GEICO, the diversified insurance company owned by Berkshire Hathaway, has teamed with Nuance Communications to offer its own mobile, personal virtual assistant (PVA) branded as Lily. The company hasn’t made the sort of marketing splash that it made when it introduced its mobile app with a media blitz starring Maxwell the Pig yelling “wee wee wee” in the backseat of a family station wagon, but that is because management feels like it doesn’t have to; if they do it well, mobile customers will naturally use it.
In a press release issued when the app was updated in the Apple App Store, GEICO cited the fact that, even prior to the formal introduction of a conversational element to the service, 40% (“two out of five”) of the people with the app “use voice technology on their mobile devices today.”
GEICO’s experience is not an aberration. A survey conducted by OnlineDegress.com about a year ago showed that nearly 9 out of ten iPhone 4s owners used Siri at least once a month. More than one out of four used it daily to check email. Only 35% said that they would never use Siri. In short, they were on a mission of discovery and, for something like 40% of users had found the Siri-enabled functions that they were ready to use regularly. More importantly, more than half of the respondents said that having a Siri-like feature would be “critical” in terms of choosing their next smartphone.
Speech Skeptics are bound to express doubts about wanting to talk to a machine while seeking roadside assistance. Their hesitation is based on bad past experience with earlier speech recognition systems, perhaps in noisy environments. Critics also tend to treat “virtual assistants” as the ugly stepchildren of speech enabled “personae” – meaning machines programmed to have a certain “attitude” that many users found grating or annoying.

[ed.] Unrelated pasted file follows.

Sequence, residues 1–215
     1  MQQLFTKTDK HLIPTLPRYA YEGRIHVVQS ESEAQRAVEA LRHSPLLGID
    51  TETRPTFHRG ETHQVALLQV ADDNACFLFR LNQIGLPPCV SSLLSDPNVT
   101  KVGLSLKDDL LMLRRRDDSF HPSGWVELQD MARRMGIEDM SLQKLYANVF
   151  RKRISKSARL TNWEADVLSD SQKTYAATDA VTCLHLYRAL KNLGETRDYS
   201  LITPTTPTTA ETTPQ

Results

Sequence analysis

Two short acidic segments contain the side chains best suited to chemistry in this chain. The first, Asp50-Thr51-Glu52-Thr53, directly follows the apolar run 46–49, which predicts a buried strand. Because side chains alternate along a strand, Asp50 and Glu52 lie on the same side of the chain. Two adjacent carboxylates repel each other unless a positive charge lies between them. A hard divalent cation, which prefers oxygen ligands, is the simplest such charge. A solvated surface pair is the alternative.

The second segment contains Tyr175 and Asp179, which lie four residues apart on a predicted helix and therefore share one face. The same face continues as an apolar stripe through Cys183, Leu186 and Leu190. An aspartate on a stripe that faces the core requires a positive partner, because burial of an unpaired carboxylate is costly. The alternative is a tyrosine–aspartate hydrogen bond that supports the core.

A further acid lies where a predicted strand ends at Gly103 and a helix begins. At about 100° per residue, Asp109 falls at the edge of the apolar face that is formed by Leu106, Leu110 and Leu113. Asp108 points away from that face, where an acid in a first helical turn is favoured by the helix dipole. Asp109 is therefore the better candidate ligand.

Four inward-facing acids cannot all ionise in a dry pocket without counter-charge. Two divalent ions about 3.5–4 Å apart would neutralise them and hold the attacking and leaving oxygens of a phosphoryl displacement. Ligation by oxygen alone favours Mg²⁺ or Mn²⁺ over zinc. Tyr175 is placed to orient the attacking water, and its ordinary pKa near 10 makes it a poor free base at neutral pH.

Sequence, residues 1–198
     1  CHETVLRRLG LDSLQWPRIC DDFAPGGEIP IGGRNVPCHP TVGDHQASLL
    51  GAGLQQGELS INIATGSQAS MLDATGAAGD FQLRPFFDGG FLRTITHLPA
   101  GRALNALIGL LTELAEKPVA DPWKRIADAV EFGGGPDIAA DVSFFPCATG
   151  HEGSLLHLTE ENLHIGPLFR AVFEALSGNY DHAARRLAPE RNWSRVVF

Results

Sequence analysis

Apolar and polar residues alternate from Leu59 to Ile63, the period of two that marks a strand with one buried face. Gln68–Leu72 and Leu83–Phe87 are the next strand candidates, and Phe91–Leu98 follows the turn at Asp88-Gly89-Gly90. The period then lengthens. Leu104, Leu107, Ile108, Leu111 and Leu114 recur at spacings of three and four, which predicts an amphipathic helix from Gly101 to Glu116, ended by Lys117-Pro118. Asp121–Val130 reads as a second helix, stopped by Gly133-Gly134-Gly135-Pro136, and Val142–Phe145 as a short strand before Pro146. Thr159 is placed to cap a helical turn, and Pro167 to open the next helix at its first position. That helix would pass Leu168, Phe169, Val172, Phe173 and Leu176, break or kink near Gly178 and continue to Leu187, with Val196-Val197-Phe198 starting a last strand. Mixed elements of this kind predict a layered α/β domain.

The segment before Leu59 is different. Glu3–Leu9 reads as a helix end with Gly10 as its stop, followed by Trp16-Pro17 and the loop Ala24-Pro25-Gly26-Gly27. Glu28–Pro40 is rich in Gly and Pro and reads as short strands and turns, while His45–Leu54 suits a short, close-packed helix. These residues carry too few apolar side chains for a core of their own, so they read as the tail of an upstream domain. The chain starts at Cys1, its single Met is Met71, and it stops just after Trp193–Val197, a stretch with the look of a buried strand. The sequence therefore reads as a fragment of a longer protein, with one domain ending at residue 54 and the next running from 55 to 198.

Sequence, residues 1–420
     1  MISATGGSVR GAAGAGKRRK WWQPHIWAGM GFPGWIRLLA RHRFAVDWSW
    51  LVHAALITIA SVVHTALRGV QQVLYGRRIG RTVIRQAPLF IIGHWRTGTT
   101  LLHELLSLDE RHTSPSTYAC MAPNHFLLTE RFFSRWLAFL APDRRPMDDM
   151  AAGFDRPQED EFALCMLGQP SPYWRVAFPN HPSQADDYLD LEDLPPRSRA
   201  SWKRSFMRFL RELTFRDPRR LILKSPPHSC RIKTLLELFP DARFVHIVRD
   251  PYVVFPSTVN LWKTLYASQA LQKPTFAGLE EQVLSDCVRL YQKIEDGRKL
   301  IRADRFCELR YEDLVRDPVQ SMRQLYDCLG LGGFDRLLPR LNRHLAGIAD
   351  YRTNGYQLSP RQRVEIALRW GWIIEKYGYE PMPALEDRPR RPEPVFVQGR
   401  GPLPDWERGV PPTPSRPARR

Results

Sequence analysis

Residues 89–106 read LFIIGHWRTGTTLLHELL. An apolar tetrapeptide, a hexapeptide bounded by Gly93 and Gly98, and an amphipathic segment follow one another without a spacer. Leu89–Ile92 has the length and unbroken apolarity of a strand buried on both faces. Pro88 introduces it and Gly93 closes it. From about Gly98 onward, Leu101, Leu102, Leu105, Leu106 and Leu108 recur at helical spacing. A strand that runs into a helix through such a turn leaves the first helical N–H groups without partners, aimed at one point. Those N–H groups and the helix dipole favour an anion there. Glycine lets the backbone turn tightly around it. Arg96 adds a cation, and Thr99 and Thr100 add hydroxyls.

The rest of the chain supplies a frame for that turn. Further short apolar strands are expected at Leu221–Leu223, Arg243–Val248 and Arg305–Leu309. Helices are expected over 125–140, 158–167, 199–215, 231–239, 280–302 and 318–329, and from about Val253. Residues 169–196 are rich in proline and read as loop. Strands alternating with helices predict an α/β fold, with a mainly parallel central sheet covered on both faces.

Indeed, the claim from Pete Meoli, GEICO’s director of mobile and digital design, that Lily would have “a lively personality to allow our mobile customers to connect with her at a deeper level” will give some prospective users a cause for pause. But that’s not the point. Lily – as the natural interface to the GEICO mobile app – will have the ability to support interactions at a “deeper level.” She’ll be location aware, she’ll have account history at her fingertips and, on top of all that, she’ll benefit form fairly accurate speech recognition and a corpus of candidates for “next best action” distilled from voluminous amounts of GEICO’s historical interactions.
As often as I’ve called my automobile insurance provider and spent the obligatory 5 minutes making selections from a series of voice menus, or sitting on hold waiting to talk to the one person who specializes in my particularly problem, I know that interacting with an cool, calm, collected automated assistant would be a welcome, positive change. It just takes some getting used to.
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